Dictionary of Arguments


Philosophical and Scientific Issues in Dispute
 
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The author or concept searched is found in the following 18 entries.
Disputed term/author/ism Author
Entry
Reference
Absoluteness Rorty VI 9
Truth/Rorty: truth is absolute - in contrast: relative: justification is relative. - Criterion: justification is a criterion for truth - ((s) a criterion for truth is not available. >truth criterion, >definition/criterion.
Truth/Rorty: truth is undefinable (like Davidson).
VI 28
Correspondence/absolute/RortyVsIdealism: accordance with the Absolute - so the idealism deprived the term of correspondence of its very substance.

Rorty I
Richard Rorty
Philosophy and the Mirror of Nature, Princeton/NJ 1979
German Edition:
Der Spiegel der Natur Frankfurt 1997

Rorty II
Richard Rorty
Philosophie & die Zukunft Frankfurt 2000

Rorty II (b)
Richard Rorty
"Habermas, Derrida and the Functions of Philosophy", in: R. Rorty, Truth and Progress. Philosophical Papers III, Cambridge/MA 1998
In
Philosophie & die Zukunft, Frankfurt/M. 2000

Rorty II (c)
Richard Rorty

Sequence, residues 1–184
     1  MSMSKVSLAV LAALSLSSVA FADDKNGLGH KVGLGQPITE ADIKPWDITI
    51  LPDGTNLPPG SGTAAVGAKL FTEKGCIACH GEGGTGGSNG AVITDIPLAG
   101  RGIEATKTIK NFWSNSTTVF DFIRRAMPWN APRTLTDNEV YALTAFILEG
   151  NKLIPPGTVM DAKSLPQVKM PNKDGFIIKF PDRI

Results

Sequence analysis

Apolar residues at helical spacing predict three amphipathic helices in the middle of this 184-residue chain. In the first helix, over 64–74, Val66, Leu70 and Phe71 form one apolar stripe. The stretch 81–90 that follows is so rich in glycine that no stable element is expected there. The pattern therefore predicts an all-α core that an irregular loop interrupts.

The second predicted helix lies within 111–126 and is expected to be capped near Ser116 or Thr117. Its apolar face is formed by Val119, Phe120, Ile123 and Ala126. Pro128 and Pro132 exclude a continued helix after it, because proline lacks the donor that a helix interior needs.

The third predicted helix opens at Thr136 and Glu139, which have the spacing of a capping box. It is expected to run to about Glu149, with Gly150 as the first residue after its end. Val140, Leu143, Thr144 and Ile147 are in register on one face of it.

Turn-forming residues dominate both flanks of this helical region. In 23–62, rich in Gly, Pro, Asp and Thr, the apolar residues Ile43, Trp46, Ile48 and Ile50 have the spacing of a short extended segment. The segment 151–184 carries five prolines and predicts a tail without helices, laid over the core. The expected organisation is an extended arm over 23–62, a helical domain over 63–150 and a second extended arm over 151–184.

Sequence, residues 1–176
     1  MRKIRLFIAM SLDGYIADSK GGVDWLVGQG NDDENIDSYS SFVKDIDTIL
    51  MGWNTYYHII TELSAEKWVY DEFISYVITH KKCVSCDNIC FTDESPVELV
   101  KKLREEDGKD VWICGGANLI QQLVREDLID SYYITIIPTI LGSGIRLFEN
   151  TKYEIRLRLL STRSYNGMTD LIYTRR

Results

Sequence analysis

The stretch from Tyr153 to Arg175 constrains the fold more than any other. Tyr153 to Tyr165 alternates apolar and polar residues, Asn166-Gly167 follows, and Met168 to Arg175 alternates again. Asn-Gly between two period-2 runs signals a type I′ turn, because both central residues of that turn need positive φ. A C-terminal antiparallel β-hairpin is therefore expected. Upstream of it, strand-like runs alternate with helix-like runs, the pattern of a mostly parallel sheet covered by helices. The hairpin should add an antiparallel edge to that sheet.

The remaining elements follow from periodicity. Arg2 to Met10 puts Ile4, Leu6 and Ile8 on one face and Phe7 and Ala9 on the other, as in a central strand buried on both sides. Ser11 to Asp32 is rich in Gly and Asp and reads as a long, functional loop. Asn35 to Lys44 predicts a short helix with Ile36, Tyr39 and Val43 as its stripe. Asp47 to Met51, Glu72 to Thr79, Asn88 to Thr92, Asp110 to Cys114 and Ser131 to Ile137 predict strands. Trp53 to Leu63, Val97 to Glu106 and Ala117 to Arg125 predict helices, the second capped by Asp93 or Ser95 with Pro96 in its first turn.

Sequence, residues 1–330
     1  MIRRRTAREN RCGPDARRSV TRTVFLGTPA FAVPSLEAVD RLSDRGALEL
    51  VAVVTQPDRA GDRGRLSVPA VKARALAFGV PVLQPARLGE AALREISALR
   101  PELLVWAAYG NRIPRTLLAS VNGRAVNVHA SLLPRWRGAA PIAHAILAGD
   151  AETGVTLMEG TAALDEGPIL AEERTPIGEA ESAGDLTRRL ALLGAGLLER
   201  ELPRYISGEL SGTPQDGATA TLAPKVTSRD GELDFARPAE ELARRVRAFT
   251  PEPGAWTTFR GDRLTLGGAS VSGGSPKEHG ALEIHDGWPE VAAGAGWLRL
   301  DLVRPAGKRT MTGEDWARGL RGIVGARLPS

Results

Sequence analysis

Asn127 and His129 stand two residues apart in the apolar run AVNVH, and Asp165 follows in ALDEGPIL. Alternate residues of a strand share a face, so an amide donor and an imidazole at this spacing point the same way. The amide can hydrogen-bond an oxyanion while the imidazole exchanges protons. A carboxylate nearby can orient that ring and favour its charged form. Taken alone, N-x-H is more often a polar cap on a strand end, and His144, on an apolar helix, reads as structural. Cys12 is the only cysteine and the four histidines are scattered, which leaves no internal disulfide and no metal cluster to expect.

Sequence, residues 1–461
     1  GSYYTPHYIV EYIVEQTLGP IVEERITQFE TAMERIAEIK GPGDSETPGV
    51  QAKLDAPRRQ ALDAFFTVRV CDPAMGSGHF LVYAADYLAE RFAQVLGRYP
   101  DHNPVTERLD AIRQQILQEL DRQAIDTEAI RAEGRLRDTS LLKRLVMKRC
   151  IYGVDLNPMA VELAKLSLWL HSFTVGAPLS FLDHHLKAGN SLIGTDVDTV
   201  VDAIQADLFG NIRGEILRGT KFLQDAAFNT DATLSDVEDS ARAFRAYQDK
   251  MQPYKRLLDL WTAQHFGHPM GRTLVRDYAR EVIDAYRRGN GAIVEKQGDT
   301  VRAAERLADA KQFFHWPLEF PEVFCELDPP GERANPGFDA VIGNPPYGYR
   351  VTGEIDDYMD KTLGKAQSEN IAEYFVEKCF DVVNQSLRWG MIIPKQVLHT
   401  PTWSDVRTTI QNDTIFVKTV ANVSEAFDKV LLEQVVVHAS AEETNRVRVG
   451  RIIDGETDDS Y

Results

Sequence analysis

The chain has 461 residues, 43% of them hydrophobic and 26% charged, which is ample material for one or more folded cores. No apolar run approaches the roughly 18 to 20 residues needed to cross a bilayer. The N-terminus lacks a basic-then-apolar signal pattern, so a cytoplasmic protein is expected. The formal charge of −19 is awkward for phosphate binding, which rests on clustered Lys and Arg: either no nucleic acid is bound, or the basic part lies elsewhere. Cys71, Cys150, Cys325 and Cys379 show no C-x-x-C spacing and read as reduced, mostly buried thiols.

Analytic and Conversational Philosophy Conference fee "Philosophy and the other hgumanities", Stanford Humanities Center 1998
In
Philosophie & die Zukunft, Frankfurt/M. 2000

Rorty II (d)
Richard Rorty
Justice as a Larger Loyalty, in: Ronald Bontekoe/Marietta Stepanians (eds.) Justice and Democracy. Cross-cultural Perspectives, University of Hawaii 1997
In
Philosophie & die Zukunft, Frankfurt/M. 2000

Rorty II (e)
Richard Rorty
Spinoza, Pragmatismus und die Liebe zur Weisheit, Revised Spinoza Lecture April 1997, University of Amsterdam
In
Philosophie & die Zukunft, Frankfurt/M. 2000

Rorty II (f)
Richard Rorty
"Sein, das verstanden werden kann, ist Sprache", keynote lecture for Gadamer’ s 100th birthday, University of Heidelberg
In
Philosophie & die Zukunft, Frankfurt/M. 2000

Rorty II (g)
Richard Rorty
"Wild Orchids and Trotzky", in: Wild Orchids and Trotzky: Messages form American Universities ed. Mark Edmundson, New York 1993
In
Philosophie & die Zukunft, Frankfurt/M. 2000

Rorty III
Richard Rorty
Contingency, Irony, and solidarity, Chambridge/MA 1989
German Edition:
Kontingenz, Ironie und Solidarität Frankfurt 1992

Rorty IV (a)
Richard Rorty
"is Philosophy a Natural Kind?", in: R. Rorty, Objectivity, Relativism, and Truth. Philosophical Papers Vol. I, Cambridge/Ma 1991, pp. 46-62